Citing low team morale, frayed relationships between the coaching staff and parents of student-athletes, and poor on-field performance, the Alcorn State University Alumni Foundation is coordinating efforts to have Melvin Spears removed as Braves head coach.

The organization is hoping to raise $130,000 by Dec. 10, and then recommend to school officials that Spears be replaced because the overwhelming sentiment is that the program is “virtually unsalvageable without drastic changes.”

“We began this year with tremendous anticipation and expectations of a great season for Alcorn athletics,” according to a letter crafted by the group. “Alcorn hired new coaches in football and basketball, recruited a great class of student-athletes to complement those returning players, and alumni support was strong.”

“However, the football program has turned disastrous. The relationship between the football coaching staff and parents of some student-athletes has been volatile.”

Spears, in his first season at Alcorn State, was hired in January to take over for Earnest Collins, who left after just two seasons to take the Northern Colorado job.

Spears was picked ahead of former Alcorn football players Fred McNair, the brother of the late Steve McNair, and Dwayne White.

Many associated with the Alcorn football program lauded the hire at the time, saying it was the first step in elevating the team to the next level behind a coach who had won a Southwestern Athletic Conference championship as the head coach at Grambling State in 2005.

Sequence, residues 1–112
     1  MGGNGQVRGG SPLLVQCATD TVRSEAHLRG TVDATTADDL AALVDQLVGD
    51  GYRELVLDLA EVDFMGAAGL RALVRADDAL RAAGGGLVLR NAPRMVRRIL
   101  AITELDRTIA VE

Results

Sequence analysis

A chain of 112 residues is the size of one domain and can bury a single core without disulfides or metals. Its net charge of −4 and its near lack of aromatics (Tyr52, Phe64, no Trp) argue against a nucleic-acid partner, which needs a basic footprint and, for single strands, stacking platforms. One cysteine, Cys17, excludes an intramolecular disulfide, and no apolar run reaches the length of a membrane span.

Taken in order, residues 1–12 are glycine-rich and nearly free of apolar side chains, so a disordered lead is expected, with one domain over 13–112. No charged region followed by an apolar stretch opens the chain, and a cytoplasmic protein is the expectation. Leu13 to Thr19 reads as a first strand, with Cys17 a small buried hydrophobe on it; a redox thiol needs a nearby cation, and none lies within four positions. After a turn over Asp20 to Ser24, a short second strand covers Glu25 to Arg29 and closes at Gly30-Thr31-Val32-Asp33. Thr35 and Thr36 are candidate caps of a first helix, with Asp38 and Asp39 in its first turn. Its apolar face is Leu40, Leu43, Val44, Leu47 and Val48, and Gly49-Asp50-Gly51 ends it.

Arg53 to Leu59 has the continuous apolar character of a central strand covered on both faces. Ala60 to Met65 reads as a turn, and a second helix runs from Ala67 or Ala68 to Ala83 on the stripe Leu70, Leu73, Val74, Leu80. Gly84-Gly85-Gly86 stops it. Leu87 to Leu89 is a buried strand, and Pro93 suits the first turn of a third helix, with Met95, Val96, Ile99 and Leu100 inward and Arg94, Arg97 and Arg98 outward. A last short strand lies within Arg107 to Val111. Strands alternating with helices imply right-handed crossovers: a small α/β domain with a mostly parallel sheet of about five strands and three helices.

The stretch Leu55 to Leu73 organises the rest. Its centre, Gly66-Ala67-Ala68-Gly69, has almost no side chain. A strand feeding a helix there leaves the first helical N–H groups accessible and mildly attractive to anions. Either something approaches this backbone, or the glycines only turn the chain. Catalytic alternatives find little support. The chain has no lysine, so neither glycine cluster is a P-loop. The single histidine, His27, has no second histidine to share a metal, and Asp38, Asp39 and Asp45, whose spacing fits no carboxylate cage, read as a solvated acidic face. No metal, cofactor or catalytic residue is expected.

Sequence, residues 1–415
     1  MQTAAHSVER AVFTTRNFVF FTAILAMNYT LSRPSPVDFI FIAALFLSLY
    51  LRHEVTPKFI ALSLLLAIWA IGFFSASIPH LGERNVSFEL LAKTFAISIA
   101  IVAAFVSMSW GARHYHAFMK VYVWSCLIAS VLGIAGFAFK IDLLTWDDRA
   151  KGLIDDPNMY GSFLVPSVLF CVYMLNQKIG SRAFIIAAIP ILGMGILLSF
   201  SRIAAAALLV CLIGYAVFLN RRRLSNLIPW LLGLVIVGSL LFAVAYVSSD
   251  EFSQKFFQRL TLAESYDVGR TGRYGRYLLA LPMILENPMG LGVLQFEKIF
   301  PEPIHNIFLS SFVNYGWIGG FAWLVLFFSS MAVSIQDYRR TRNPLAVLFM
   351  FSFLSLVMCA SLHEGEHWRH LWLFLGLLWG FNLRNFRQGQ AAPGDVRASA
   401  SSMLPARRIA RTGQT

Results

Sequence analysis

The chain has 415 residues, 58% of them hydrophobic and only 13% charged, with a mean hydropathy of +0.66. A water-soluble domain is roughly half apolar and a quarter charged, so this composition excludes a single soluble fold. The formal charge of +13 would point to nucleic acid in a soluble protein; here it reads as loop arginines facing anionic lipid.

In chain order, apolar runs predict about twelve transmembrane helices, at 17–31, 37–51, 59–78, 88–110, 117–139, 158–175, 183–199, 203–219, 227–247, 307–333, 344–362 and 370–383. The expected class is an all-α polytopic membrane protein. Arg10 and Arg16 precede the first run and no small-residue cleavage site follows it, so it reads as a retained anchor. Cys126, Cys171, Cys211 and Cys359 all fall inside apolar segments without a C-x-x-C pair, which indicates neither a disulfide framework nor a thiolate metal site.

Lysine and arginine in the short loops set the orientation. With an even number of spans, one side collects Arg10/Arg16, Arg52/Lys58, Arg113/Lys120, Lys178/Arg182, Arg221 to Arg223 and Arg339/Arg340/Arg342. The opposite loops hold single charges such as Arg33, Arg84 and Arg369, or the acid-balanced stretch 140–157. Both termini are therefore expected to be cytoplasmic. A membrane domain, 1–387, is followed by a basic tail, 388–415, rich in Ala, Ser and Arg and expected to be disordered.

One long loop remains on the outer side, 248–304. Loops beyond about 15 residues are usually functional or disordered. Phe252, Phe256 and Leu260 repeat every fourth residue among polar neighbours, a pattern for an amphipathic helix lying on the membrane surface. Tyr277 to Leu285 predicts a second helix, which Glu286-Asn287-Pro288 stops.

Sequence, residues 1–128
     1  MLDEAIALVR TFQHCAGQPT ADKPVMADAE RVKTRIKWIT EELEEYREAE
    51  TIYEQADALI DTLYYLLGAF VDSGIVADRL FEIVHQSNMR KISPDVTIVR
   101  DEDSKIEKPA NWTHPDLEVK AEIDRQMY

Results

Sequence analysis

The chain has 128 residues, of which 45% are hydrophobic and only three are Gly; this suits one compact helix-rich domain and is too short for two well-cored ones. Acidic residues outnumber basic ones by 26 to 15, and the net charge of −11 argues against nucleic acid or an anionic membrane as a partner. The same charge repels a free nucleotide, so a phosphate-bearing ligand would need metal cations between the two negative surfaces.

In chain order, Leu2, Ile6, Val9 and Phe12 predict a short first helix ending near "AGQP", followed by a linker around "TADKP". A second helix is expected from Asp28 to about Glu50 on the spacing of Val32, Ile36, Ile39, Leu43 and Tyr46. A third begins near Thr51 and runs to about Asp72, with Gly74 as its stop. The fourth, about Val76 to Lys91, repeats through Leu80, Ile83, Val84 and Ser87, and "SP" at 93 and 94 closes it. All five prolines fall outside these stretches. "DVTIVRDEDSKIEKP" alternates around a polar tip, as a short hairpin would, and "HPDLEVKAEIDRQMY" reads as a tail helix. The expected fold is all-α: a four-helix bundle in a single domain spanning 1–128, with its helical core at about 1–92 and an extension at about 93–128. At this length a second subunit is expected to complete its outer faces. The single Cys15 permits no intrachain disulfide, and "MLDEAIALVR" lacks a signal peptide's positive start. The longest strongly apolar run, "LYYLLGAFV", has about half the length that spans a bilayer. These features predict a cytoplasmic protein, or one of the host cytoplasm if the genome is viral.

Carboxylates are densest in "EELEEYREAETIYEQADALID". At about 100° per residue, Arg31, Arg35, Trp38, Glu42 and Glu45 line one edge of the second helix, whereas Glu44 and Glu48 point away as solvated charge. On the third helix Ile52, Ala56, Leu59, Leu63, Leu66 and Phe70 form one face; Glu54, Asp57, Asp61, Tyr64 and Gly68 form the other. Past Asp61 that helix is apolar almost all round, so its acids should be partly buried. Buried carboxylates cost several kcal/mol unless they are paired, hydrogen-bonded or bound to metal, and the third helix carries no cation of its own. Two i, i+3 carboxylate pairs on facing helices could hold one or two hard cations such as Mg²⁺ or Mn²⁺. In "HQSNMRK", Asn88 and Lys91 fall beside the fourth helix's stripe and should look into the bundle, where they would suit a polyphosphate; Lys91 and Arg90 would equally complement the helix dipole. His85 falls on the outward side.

However, those lofty expectations have not been met through the first eight games of the 2011 season, as the Braves currently stand at 2-6 in the SWAC Eastern Division.

While the alumni organization understands all personnel decisions will ultimately be made by university President Dr. Christopher Brown and others, representatives said they could no longer ignore the concerns about poor coaching and the direction of the football program.

“We want to give the option to (Dr. Brown),” National Alumni President Percy Norwood Jr. told me in a phone conversation Tuesday. “It’s about performance on the job.”

Norwood went onto say his colleagues had been increasingly disenchanted with the regressing performance of the team, as well as the how Spears handled quarterback Brandon Bridge during the season.

Bridge, a highly-touted prospect, had a solid first season in 2010 as the Braves starter throwing for 2,086 yards, 19 passing touchdowns and eight rushing scores.  During his 2011 campaign, Bridge threw five touchdowns for 632 yards and four interceptions.  He played sparingly during that time before leaving the team in late October.

“We did not like it,” Norwood said, who wants the next head coach to be a program builder and someone who gets the most out of the athletes on the roster.

The losing, combined with some questionable decisions by Spears, prompted a paltry turnout of 2,500 during a recent home game against Alabama A&M.

According to Norwood, the university can’t afford to buyout Spears’ contract.  Therefore, a special “Football Operations” fund will be setup to provide a mechanism for interested alumni to make contributions in order to give the school the flexibility to make changes without affecting other programs financially.

“Many of you want to support our Braves football program and are willing to voluntarily donate to help make this change possible if (Dr. Brown) so desires to make a change,” added the foundation in its letter.


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